Wreck DiveWreck Dive | Boat access

Open Water Rated Outside Port Phillip Wreck Dive Site

Iron Clipper Sailing Barque | Max Depth: 2 metres (6.6 feet)

© Unknown

The Norwester (aka Nor'Wester) was a three masted iron clipper sailing barque built in 1864 by Laurence Hill and Co, Glasgow, Scotland for owners MJ Jamieson, registered Glasgow. She had a length of 160 feet (49 metres), beam of 29.2 feet (8.9 metres), and depth of 17 feet (5.2 metres) with a weight of 567 tons.

The Norwester was washed ashore during a storm while anchored in Hamelin Bay, WA in July 1900. She was sold, refloated and taken to Freemantle for repairs, but was condemned. The Norwester was later sold to the Adelaide Steam Ship Co and taken to Adelaide where she was converted into a coal hulk. A tug brought the hulk to Melbourne, arriving on 2 April 1901.

Norwester with Dutch flag
Norwester with Dutch flag
© Unknown

The Adelaide Steam Ship Co obtained permission to scuttle the Norwester in 1928. On 21 November 1928 the Norwester was towed out into Bass Strait by the tug Minah and positioned in the Ships' Graveyard for scuttling. The explosive charges didn't do their job and the hulk was allowed to drift ashore just west of London Bridge, and just west of the Sierra Nevada shipwreck.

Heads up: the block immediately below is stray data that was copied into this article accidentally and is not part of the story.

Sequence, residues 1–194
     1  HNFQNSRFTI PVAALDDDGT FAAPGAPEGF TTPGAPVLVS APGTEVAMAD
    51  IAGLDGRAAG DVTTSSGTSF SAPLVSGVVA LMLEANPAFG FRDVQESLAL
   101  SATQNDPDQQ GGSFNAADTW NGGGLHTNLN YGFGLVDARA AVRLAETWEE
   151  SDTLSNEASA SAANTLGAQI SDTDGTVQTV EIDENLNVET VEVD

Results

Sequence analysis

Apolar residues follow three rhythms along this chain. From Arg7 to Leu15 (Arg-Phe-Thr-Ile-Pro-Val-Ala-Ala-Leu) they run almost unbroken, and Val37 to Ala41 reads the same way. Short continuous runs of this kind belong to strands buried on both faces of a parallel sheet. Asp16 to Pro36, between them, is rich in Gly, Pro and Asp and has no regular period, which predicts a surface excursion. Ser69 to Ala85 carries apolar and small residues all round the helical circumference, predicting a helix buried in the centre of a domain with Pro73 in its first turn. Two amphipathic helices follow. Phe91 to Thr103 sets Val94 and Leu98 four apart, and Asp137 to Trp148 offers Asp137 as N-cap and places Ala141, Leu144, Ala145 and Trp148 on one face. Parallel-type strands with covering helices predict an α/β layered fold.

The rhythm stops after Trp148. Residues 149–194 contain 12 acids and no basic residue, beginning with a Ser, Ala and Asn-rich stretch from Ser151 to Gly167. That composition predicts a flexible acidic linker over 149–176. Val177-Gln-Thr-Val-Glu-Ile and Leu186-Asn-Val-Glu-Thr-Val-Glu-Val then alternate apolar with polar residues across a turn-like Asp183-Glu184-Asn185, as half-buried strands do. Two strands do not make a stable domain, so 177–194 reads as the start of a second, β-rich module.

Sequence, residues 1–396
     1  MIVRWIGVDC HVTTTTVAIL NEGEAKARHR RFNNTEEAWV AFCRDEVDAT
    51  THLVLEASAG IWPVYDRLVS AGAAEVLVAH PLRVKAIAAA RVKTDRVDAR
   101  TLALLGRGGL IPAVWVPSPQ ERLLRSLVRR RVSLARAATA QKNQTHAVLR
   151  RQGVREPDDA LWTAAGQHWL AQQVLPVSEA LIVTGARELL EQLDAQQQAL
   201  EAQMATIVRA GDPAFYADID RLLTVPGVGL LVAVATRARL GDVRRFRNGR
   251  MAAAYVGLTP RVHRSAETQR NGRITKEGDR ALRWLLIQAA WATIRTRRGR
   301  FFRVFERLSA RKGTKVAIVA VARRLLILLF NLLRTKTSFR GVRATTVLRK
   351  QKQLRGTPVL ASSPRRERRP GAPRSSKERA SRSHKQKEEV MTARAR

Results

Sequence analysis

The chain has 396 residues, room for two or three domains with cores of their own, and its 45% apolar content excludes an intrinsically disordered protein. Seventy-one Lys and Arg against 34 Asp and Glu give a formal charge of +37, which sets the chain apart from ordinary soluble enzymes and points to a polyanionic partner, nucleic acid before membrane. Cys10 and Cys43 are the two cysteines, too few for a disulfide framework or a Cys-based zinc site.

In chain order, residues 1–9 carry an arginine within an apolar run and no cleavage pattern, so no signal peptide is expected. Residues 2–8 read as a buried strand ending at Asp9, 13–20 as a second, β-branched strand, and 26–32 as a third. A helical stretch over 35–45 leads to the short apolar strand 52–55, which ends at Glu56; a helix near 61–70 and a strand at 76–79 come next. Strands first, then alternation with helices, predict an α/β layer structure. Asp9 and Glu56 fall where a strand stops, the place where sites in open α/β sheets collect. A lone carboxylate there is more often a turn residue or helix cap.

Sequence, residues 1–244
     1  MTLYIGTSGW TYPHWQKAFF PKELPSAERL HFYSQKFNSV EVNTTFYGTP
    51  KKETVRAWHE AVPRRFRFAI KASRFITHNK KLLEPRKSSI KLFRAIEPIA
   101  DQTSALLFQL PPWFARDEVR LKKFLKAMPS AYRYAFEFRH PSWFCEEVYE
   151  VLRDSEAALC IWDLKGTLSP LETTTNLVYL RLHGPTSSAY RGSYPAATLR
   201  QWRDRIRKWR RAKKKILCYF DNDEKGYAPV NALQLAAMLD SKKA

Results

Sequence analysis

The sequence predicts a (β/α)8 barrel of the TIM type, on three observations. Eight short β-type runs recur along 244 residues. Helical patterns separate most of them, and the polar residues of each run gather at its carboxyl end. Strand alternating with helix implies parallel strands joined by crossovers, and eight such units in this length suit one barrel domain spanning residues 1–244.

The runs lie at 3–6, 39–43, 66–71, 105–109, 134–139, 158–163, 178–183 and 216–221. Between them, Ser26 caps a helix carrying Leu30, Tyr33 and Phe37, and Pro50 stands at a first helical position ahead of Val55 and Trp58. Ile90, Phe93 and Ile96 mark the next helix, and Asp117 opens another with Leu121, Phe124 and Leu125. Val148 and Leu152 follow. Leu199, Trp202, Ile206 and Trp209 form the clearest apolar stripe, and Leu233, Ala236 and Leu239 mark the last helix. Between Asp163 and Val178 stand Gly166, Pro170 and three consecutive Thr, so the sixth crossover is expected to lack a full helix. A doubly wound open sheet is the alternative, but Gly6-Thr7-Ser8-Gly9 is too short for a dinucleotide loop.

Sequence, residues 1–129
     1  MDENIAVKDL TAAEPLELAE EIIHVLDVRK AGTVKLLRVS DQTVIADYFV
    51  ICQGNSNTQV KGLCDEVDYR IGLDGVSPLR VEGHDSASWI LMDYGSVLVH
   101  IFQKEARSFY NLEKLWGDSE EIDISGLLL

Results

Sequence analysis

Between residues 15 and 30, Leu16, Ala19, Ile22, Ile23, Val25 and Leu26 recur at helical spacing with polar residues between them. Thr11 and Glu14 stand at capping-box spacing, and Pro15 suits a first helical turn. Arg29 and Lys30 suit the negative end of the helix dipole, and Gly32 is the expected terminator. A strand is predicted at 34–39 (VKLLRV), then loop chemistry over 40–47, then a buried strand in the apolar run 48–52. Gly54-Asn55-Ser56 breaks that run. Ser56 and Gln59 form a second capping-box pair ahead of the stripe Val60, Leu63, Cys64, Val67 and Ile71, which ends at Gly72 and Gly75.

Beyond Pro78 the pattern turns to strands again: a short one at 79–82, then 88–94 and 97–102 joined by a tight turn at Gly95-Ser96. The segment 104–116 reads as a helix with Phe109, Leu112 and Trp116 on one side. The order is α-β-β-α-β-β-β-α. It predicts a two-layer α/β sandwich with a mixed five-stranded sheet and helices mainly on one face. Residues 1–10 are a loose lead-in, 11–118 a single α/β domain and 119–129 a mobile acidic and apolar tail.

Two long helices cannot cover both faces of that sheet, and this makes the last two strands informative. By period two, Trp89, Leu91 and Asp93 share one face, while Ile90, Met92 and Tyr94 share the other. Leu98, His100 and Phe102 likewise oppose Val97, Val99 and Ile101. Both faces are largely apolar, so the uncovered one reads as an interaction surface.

See also, Australian National Shipwreck Database: Norwester, and
Heritage Council Victoria: Norwester.

Latitude: 38° 19.833′ S   (38.330555° S / 38° 19′ 50″ S)
Longitude: 144° 41.433′ E   (144.690555° E / 144° 41′ 26″ E)

Datum: WGS84 | Google Map
Added: 2012-07-22 01:00:00 GMT, Last updated: 2019-05-12 05:45:38 GMT
Source: GPS
Nearest Neighbour: London Bridge, 151 m, bearing 52°, NE
Iron clipper sailing barque, 567 ton.
Built: Glasgow, Scotland, 1864.
Scuttled: 21 November 1928.
Depth: 2 m.

DISCLAIMER: No claim is made by The Scuba Doctor as to the accuracy of the dive site coordinates listed here. Should anyone decide to use these GPS marks to locate and dive on a site, they do so entirely at their own risk. Always verify against other sources.

The marks come from numerous sources including commercial operators, independent dive clubs, reference works, and active divers. Some are known to be accurate, while others may not be. Some GPS marks may even have come from maps using the AGD66 datum, and thus may need be converted to the WGS84 datum. To distinguish between the possible accuracy of the dive site marks, we've tried to give each mark a source of GPS, Google Earth, or unknown.

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